This paper describes erosion and sedimentation associated with the 17 July 1998 Papua New Guinea tsunami. Observed within two months of the tsunami, distinct deposits of a layer averaging 8-cm thick of gray sand rested on a brown muddy soil. In most cases the sand is normally graded, with more coarse sand near the base and fine sand at the top. In some cases the deposit contains rip-up clasts of muddy soil and in some locations it has a mud cap. Detailed measurements of coastal topography, tsunami flow height and direction indicators, and deposit thickness were made in the field, and samples of the deposit were collected for grain-size analysis in the laboratory. Four shore-normal transects were examined in detail to assess the shore-normal and along shore distribution of the tsunami deposit. Near the shoreline, the tsunami eroded approximately 10-25 cm of sand from the beach and berm. The sandy layer deposited by the tsunami began 50-150 m inland from the shoreline and extended across the coastal plain to within about 40 m of the limit of inundation; a total distance of up to 750 m from the beach. As much as 2/3 of the sand in the deposit originated from offshore. Across most of the coastal plain the deposit thickness and mean grain size varied little. In the along-shore direction the deposit thickness varied with the tsunami wave height; both largest near the entrance to Sissano Lagoon.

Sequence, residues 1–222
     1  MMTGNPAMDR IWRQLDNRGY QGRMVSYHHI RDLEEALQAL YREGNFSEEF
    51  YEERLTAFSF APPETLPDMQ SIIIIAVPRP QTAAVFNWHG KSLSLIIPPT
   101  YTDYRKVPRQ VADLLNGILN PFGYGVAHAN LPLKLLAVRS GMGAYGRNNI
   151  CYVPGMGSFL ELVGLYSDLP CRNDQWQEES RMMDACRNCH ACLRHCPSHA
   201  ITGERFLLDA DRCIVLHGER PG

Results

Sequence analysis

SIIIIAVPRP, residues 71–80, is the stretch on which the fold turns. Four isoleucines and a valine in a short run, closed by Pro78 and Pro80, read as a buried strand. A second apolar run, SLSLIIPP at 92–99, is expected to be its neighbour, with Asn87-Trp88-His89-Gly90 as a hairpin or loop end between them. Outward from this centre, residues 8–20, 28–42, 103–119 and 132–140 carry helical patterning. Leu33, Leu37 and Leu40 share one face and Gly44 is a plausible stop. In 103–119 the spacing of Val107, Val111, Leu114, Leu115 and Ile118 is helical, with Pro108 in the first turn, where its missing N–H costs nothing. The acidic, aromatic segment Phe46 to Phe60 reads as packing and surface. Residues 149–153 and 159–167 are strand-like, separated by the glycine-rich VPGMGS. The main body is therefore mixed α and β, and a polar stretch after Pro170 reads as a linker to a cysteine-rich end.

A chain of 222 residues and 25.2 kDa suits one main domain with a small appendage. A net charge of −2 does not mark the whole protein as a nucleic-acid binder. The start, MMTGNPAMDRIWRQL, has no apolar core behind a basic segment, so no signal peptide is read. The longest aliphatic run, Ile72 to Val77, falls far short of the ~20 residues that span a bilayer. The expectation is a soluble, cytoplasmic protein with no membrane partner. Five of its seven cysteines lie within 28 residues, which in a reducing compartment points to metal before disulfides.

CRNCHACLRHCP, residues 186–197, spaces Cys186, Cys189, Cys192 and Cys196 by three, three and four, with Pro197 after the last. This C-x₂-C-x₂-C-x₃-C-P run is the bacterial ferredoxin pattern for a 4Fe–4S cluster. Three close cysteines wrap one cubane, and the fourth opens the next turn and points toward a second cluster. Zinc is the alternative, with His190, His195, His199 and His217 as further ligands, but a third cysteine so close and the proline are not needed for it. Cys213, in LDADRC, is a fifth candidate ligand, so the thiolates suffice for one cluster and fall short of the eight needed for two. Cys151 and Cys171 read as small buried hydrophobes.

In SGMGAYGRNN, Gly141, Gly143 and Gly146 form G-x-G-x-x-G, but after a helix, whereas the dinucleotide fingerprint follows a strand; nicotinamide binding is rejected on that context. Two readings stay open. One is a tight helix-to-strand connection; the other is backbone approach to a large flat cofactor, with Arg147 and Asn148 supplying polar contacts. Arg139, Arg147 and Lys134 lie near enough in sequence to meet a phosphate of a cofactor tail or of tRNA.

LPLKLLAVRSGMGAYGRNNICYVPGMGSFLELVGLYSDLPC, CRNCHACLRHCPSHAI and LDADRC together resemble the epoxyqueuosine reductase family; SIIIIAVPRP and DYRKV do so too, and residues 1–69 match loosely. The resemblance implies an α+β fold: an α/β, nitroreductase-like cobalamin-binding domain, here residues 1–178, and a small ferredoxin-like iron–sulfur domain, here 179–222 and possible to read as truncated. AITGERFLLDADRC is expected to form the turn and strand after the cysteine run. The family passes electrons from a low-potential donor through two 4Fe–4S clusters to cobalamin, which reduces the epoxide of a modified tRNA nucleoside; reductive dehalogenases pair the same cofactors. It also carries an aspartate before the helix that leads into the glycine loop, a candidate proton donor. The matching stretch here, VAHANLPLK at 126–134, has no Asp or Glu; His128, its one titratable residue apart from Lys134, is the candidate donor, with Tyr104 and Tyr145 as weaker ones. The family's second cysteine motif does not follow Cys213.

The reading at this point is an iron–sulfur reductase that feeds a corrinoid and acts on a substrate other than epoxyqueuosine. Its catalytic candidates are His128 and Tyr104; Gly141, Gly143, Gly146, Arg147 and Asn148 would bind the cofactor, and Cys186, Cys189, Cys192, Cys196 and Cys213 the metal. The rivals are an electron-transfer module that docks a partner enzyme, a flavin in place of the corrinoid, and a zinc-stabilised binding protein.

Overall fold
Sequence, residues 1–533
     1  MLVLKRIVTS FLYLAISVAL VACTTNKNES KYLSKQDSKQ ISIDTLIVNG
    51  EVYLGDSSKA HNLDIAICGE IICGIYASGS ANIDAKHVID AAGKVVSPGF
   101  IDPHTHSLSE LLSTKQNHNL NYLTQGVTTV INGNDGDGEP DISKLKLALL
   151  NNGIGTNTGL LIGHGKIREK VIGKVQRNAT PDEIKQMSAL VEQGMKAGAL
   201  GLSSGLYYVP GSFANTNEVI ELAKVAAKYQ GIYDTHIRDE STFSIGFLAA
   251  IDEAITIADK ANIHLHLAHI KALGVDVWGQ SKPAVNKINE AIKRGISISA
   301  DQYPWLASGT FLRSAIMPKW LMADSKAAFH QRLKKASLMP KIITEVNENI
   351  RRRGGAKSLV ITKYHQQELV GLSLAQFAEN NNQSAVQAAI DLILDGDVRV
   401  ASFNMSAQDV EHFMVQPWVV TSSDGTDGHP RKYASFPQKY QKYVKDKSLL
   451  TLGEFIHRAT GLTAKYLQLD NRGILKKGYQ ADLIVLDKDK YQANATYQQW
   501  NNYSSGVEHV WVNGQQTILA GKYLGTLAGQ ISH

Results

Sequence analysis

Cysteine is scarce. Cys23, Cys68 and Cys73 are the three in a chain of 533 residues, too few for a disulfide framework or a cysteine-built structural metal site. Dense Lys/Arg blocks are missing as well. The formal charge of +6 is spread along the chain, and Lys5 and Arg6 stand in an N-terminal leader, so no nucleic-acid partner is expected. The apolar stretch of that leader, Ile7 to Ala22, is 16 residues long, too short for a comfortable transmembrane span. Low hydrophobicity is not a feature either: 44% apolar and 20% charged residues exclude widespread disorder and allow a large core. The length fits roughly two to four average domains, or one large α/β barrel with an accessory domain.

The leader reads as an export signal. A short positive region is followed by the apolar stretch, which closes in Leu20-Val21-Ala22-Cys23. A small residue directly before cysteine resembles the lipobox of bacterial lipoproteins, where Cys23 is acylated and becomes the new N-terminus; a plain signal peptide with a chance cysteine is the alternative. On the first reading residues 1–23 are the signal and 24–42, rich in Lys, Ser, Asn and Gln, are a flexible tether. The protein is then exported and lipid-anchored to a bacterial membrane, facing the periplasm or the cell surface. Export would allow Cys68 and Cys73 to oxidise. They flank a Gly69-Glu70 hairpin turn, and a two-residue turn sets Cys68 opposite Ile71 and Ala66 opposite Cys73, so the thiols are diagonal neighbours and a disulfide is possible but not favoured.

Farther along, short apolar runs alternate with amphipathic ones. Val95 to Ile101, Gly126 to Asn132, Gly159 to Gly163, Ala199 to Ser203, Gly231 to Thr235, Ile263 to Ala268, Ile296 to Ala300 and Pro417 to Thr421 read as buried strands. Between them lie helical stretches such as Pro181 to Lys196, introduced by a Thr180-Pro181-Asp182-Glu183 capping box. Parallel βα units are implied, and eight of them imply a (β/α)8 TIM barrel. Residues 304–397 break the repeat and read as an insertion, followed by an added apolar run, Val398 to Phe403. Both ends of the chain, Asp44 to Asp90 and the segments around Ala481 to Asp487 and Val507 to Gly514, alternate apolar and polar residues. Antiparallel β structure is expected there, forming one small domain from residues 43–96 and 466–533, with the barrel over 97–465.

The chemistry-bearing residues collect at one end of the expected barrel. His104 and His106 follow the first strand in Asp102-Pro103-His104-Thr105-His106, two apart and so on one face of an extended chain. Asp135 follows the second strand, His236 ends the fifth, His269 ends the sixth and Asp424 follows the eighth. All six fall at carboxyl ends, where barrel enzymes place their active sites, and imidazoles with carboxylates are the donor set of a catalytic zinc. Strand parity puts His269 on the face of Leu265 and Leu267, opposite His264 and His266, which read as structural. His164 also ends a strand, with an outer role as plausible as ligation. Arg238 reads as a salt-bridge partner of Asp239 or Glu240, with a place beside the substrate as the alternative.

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Erosion and sedimentation from the 17 July, 1998 Papua New Guinea tsunami